When I think about Japanese printmakers I think about the three eighteenth century masters of that genre. There was Hokusai with his well known print The Great Wave off Kanagawa.
Then there was Hiroshige with his many prints, including one of my favourites, Rain Shower at Shōno.
The third of the great eighteenth century printmakers which I call to mind is Kitagawa Utamaro who was one of the most highly regarded designers of ukiyo-e woodblock prints and paintings, and is best known for his bijin ōkubi–e “large-headed pictures of beautiful women” of the 1790s. One of Utamaro’s most famous works being Fukaku Shinobu Koi which set an auction record of €745,000 in 2016. The woman depicted in the title of the print, Fukaku Shinobu Koi means deeply hidden love and the woman has blackened her teeth, a tradition known as ohaguro, the Japanese custom which normally signifies a married woman, but maybe she is not, as her eyebrows are unshaved which would also signify as her being married. It could be that she is still young and only recently married. In her hair she has an ornate kanzashi hairpin with a flower design on it. This type of hairband was often associated with maiko (trainee geisha). The young woman looks down and holds a kiseru tobacco pipe in her right hand. Look at her countenance. She stares off, her shoulders raised, eyes narrowed, and tiny lips pursed, as if in a deep, emotional mid-sigh.
The other day I had the opportunity to see a small exhibition of Japanese prints by Kunichika at the Lady Lever Gallery on Merseyside, He was the most celebrated print designer of the nineteenth century and so I am dedicating this blog to some of his prints as well as looking at the mystical and colourful world of life in Edo and the magic of Kabuki. For the unitiated in Japanese life and culture let me start by talking about Edo, Ukiyo-e and Kabuki.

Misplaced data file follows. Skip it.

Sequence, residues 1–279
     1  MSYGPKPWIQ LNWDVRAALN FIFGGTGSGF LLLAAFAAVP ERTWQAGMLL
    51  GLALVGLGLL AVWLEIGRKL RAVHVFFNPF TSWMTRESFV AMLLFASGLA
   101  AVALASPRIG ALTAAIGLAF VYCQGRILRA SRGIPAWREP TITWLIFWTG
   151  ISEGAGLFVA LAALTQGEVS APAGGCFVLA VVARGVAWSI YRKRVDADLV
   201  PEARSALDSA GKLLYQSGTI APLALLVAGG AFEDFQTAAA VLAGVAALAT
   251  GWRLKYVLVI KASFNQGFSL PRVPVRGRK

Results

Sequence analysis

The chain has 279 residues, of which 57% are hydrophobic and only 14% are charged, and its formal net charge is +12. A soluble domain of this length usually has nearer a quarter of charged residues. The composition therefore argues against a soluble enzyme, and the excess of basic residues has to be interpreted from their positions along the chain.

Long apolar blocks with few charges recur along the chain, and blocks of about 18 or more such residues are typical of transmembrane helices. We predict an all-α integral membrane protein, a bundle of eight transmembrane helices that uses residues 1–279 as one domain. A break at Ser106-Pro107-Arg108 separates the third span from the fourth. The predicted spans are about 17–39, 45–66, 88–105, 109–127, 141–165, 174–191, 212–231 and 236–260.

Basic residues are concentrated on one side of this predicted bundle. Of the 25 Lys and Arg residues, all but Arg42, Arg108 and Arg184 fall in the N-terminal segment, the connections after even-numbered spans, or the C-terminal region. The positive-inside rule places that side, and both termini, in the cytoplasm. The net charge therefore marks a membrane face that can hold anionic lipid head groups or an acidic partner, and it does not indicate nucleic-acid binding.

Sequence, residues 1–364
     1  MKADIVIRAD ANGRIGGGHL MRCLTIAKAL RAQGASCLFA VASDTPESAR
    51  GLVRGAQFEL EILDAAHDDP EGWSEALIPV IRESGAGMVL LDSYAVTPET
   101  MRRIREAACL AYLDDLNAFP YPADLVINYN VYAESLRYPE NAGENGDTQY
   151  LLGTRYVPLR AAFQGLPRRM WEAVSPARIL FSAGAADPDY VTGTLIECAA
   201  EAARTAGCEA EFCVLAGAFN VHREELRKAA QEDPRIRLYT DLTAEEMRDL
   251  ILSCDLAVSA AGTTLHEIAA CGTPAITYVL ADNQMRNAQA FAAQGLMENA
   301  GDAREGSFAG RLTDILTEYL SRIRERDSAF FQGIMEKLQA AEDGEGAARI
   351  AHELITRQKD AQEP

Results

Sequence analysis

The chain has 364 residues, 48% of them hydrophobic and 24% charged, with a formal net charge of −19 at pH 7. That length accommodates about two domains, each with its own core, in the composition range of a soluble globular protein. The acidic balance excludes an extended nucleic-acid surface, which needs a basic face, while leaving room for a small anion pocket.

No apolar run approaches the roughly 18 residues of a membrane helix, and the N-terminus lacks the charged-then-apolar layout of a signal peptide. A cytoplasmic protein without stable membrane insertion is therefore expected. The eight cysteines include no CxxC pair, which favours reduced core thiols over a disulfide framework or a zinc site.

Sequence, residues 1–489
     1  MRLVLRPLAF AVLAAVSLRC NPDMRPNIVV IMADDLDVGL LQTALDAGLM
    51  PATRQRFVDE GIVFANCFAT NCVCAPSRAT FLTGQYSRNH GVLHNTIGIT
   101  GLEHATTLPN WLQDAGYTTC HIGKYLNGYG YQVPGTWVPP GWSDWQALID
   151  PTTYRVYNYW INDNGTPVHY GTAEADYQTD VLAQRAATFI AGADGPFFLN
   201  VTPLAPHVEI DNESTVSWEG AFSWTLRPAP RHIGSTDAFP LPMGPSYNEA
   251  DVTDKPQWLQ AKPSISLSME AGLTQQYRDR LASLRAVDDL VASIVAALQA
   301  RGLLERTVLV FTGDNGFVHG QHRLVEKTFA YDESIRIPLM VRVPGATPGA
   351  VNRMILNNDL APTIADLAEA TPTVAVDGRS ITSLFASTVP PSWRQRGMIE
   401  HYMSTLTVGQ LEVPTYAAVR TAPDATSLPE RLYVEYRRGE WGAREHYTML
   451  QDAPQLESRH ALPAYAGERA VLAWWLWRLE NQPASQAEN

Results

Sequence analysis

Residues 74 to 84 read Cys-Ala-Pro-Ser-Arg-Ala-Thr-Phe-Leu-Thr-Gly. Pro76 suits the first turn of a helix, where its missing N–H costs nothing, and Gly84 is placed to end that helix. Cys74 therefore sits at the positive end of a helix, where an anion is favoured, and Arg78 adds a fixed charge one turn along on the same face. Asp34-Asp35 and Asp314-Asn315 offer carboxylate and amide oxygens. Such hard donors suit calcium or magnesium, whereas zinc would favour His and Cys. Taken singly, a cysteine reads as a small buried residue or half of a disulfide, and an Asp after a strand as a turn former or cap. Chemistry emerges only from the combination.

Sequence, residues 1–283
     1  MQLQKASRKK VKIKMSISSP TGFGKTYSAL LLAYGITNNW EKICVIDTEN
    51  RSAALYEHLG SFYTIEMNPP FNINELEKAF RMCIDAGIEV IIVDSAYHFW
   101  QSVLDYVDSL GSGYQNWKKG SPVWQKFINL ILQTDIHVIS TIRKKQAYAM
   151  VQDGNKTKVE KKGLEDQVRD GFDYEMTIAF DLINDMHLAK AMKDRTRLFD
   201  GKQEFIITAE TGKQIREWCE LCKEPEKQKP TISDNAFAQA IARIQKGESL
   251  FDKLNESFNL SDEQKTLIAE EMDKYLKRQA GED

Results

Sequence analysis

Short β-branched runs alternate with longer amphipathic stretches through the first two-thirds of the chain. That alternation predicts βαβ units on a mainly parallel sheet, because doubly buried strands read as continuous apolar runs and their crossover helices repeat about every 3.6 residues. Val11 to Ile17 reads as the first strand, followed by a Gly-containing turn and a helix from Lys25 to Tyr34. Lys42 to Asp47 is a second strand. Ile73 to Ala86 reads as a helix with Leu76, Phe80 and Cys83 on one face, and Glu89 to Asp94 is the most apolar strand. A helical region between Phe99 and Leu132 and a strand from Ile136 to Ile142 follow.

Kyoto, which had been the historic capital of Japan, was replaced by Edo, a castle town centred around the Edo Castle. Edo became the de facto capital of Japan from 1603 and the seat of the Tokugawa shogunate, the military government of Japan. The period ruled by the Tokugawa shogunate from 1603 to 1868 became known as the Edo period. This Tokugawa military government brought in social segregation by underlining a hierarchal class system which positioned the warriors at the top, followed by farmers, craftsmen, and then merchants at the bottom. The rulers also organised and built walled areas in the cities where theatres, teahouses, and brothels were licensed and which came to be known as the “pleasure districts.” For the Japanese people the Edo period was a relatively peaceful time domestically and the regime’s isolationist policy in relationship to the rest of the world, maintained peace in the country. From this was born an art form that reflected this Japanese lifestyle and which found a new audience amongst a rising Japanese middle class and this art known as Ukiyo-e, was born as an evolution of yamato-e, a previous style of painting. Ukiyo-e depended upon collaboration between four people. The artist, using ink on paper, drew the image that was then carved by a craftsman into a woodblock. A printer then applied pigment to the woodblock, and a publisher oversaw and coordinated the process and marketed the works.